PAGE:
UK manufacturers helped to push the UK’s economic recovery ahead of the global benchmark at the end of 2020, according to the latest research from Lloyds Bank.
The Lloyds Bank UK Recovery Tracker, which provides monthly insight into the shape and pace of the UK’s recovery from COVID-19, found that the manufacturing industry was the biggest contributor to UK growth in the final month of the year.
In particular, firms in the chemicals, household products and food and drink sub-sectors greatly outperformed their global benchmark in December due to a spike in demand from overseas buyers ahead of the EU Exit deadline.
Looking ahead, positive news about COVID-19 vaccines meant that most UK business sectors remained more optimistic about future growth than their global peers. The industrial goods sub-sector was among those most optimistic compared to the global benchmark, driven by a more positive outlook for the construction industry and expectations of increased investment in industrial development.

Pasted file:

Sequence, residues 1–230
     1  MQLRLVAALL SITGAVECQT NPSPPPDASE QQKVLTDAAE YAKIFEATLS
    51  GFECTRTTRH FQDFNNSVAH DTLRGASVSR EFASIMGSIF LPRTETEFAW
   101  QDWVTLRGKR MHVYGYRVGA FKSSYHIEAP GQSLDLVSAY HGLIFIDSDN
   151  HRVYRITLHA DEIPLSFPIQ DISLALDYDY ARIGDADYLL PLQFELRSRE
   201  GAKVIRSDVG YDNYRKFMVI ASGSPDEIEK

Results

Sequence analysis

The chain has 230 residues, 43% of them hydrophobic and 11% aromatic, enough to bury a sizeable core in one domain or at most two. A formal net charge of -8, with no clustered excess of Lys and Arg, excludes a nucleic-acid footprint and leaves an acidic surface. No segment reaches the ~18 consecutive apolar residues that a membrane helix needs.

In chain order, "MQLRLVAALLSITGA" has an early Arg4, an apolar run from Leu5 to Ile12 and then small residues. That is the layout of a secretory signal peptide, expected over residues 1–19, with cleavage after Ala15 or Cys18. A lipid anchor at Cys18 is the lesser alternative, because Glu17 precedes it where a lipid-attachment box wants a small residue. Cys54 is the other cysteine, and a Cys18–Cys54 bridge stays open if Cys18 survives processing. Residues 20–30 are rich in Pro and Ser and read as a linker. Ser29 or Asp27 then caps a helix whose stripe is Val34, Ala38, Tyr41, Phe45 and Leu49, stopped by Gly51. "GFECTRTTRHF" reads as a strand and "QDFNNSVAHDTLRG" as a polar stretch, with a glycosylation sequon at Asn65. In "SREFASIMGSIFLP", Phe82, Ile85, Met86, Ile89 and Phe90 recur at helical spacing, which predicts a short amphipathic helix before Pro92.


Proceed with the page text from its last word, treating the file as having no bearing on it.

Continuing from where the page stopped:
However, growth expectations fell below the global average in the chemicals and food and drink sub-sectors due to concerns that demand would lessen after the EU Exit deadline. Manufacturers also reported concerns about a steep rise in shipping costs and global raw material shortages. Both factors are expected to increase prices charged in 2021 and therefore negatively affect competitiveness overseas.
Jeavon Lolay, Head of Economics and Market Insight, Lloyds Bank Commercial Banking, said:
“While this survey was conducted before the latest national lockdown was announced, it is still worth highlighting the vaccine-induced rebound in business confidence across the economy. It is clear that, for many firms, this represents the defining influence for their prospects in the year ahead.
“December’s data also highlighted the impact COVID-19 continues to have on global supply chains. Many manufacturers benefitted from a boost in overseas sales ahead of the Brexit trade deadline, but raw material shortages, rising input costs and distribution problems are making the sector’s road to recovery more challenging.”